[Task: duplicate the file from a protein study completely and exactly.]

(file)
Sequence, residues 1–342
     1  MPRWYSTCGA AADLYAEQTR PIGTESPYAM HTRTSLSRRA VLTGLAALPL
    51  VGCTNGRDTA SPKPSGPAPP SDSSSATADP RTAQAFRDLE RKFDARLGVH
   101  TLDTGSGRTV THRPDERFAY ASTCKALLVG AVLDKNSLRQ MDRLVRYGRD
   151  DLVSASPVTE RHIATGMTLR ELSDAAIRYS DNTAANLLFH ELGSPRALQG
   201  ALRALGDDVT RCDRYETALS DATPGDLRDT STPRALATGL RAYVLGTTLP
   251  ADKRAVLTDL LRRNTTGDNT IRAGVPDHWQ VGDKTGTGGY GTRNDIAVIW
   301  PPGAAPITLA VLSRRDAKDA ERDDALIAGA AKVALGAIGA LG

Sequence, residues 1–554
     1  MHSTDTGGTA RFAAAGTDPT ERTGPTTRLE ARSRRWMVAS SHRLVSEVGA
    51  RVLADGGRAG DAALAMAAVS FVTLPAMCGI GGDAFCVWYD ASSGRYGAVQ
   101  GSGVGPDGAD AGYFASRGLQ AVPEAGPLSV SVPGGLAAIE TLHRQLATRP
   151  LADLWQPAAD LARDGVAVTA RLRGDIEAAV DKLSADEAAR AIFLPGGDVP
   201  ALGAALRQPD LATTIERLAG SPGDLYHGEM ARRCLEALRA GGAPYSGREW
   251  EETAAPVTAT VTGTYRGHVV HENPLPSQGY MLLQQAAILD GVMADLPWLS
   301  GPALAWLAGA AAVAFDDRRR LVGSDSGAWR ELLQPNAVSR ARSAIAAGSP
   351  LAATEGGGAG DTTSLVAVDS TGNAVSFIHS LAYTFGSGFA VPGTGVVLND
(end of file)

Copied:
Sequence, residues 1–342
     1  MPRWYSTCGA AADLYAEQTR PIGTESPYAM HTRTSLSRRA VLTGLAALPL
    51  VGCTNGRDTA SPKPSGPAPP SDSSSATADP RTAQAFRDLE RKFDARLGVH
   101  TLDTGSGRTV THRPDERFAY ASTCKALLVG AVLDKNSLRQ MDRLVRYGRD
   151  DLVSASPVTE RHIATGMTLR ELSDAAIRYS DNTAANLLFH ELGSPRALQG
   201  ALRALGDDVT RCDRYETALS DATPGDLRDT STPRALATGL RAYVLGTTLP
   251  ADKRAVLTDL LRRNTTGDNT IRAGVPDHWQ VGDKTGTGGY GTRNDIAVIW
   301  PPGAAPITLA VLSRRDAKDA ERDDALIAGA AKVALGAIGA LG

Sequence, residues 1–554
     1  MHSTDTGGTA RFAAAGTDPT ERTGPTTRLE ARSRRWMVAS SHRLVSEVGA
    51  RVLADGGRAG DAALAMAAVS FVTLPAMCGI GGDAFCVWYD ASSGRYGAVQ
   101  GSGVGPDGAD AGYFASRGLQ AVPEAGPLSV SVPGGLAAIE TLHRQLATRP
   151  LADLWQPAAD LARDGVAVTA RLRGDIEAAV DKLSADEAAR AIFLPGGDVP
   201  ALGAALRQPD LATTIERLAG SPGDLYHGEM ARRCLEALRA GGAPYSGREW
   251  EETAAPVTAT VTGTYRGHVV HENPLPSQGY MLLQQAAILD GVMADLPWLS
   301  GPALAWLAGA AAVAFDDRRR LVGSDSGAWR ELLQPNAVSR ARSAIAAGSP
   351  LAATEGGGAG DTTSLVAVDS TGNAVSFIHS LAYTFGSGFA VPGTGVVLND